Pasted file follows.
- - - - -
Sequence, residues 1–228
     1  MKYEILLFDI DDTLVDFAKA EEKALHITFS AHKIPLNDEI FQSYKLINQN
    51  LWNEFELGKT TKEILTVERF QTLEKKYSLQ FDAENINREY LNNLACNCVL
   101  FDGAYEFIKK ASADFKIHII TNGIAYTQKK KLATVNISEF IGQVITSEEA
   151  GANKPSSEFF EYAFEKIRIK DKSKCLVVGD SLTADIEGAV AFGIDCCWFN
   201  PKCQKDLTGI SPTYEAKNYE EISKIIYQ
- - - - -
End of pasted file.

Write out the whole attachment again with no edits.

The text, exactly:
Sequence, residues 1–228
     1  MKYEILLFDI DDTLVDFAKA EEKALHITFS AHKIPLNDEI FQSYKLINQN
    51  LWNEFELGKT TKEILTVERF QTLEKKYSLQ FDAENINREY LNNLACNCVL
   101  FDGAYEFIKK ASADFKIHII TNGIAYTQKK KLATVNISEF IGQVITSEEA
   151  GANKPSSEFF EYAFEKIRIK DKSKCLVVGD SLTADIEGAV AFGIDCCWFN
   201  PKCQKDLTGI SPTYEAKNYE EISKIIYQ